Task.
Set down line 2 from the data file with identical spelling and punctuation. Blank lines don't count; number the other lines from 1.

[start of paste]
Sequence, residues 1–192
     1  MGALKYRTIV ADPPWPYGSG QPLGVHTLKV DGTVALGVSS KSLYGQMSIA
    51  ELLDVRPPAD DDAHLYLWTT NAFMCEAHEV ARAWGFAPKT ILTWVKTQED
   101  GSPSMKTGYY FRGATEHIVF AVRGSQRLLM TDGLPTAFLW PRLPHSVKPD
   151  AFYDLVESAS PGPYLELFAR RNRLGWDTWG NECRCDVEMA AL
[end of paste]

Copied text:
     1  MGALKYRTIV ADPPWPYGSG QPLGVHTLKV DGTVALGVSS KSLYGQMSIA